Ask Lafeber

Question:

May 21, 2022

Budgie breeding


I saw my male budgie trying to sit on his offspring’s (female) back. The female is 6-7 months old only. Is it ok to let them do it? Or how do I discourage them without separating them?


Answer:

Hi Ojas,

Unfortunately, you have no option other than to separate them for quite a few reasons, which I will explain. But it is very important that you separate them immediately, because your young female’s life is as risk right now.

I realize that sounds dramatic, but even if they were not related, a young female should never be in the same cage with a breeding age male. This goes for any species, and even if the sexes were reversed. But when the younger bird is the female, she is at the most risk. In the wild, a young bird like this would not be interacting with a breeding age adult. She would be with other young flock members until she is at least 2 years old, which is the earliest she is ready to breed.

Your male is going to keep trying to mate with her no matter what you try to do – it’s just instinctive and you can’t change instinct. When she isn’t receptive, he is likely to get aggressive with her, and he might end up killing her. If he attacks her when nobody is around to save her, he will kill her, because he is frustrated that she won’t breed and he has no use for her. In the wild, the parents either leave their chicks as soon as they are independent, or they force the chicks to leave their territory. This is nature’s way of preventing inbreeding. In captivity, parents normally start picking on weaned chicks. But if the chicks are not removed, then you end up with what is happening now. They do not seem to recognize the young birds as offspring once their hormones kick in.

At your young chick’s age, her hormones could be triggered by these breeding attempts. If this happens, an egg may form, and she most likely will get egg bound and die. She needs time to finish developing physically and mentally. Right now her muscles are still developing, and it takes a lot of effort to pass an egg through the reproductive system. So young birds tend to not have the strength to push out an egg, and end up dying because of this. She should not be in the same cage with a male until she is two years old, and of course it should be a male she is not related to.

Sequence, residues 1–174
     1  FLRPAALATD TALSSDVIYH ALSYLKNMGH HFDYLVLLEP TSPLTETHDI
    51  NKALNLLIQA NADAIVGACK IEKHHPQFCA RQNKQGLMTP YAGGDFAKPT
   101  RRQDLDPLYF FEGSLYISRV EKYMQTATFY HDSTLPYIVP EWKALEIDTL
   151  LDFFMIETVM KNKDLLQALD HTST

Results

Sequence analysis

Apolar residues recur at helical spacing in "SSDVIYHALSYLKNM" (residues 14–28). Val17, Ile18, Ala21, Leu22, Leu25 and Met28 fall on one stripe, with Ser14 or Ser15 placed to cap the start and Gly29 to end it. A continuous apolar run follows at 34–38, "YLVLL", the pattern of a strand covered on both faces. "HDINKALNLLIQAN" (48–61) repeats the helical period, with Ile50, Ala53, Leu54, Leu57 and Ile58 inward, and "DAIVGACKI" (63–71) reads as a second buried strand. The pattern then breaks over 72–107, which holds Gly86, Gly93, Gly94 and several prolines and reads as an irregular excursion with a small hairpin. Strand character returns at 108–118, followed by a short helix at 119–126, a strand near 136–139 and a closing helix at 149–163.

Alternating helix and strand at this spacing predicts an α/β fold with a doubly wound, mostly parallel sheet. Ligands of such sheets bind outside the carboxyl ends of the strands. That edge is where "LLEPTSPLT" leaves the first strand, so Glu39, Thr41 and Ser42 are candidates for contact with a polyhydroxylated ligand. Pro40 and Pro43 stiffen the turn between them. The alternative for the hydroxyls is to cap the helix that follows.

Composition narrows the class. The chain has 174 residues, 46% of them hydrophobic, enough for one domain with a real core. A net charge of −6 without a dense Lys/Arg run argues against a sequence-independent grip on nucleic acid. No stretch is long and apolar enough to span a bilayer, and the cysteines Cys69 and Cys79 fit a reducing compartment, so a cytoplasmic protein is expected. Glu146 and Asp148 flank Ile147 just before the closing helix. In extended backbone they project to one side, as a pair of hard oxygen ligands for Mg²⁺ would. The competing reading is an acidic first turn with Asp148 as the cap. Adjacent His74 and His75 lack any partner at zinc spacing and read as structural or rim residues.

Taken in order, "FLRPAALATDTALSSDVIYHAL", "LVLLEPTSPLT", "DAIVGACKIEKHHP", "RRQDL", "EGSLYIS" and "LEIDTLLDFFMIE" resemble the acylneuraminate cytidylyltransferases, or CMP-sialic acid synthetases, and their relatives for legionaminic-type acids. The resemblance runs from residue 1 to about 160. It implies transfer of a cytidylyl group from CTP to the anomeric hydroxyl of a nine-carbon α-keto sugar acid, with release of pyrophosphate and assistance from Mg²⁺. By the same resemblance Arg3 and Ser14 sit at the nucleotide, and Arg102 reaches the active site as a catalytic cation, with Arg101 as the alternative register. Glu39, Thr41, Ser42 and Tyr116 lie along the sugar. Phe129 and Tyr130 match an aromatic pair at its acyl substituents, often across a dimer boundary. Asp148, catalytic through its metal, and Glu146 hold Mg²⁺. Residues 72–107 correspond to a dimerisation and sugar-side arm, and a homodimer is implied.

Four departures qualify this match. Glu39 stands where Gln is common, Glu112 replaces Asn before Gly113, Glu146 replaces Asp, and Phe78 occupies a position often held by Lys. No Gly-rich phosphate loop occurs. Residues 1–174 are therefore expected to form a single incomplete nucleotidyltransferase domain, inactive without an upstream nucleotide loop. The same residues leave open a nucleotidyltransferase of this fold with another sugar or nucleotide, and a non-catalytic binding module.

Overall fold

Weaned chicks should always be removed from the parent’s cage as soon as possible. And you can’t have opposite sex birds that are related in the same cage. No mothers and sons, fathers and daughters or brothers and sisters. If related bird breed, it usually results in weak chicks with serious issues. Most suffer and die within a few days, others have internal issues you can’t see and die within the first year and some end up with physical deformities that plague them for their short lives.

Of course you can keep related birds together if you discard all eggs and do not allow any to be incubated. But this is only if all the birds are breeding age – which again with budgies is 2 years old or older. So sadly, this pair needs to be separated and ideally not within sight of each other. I’m not sure if something happened to the mother? If she is still in the cage, she could also end up attacking and killing her own daughter out of jealousy. A breeding pair rarely tolerates other birds in their territory.

I know you wanted to keep them together, but for their health and safety, please separate these birds.

Thank you for asking Lafeber,

Brenda

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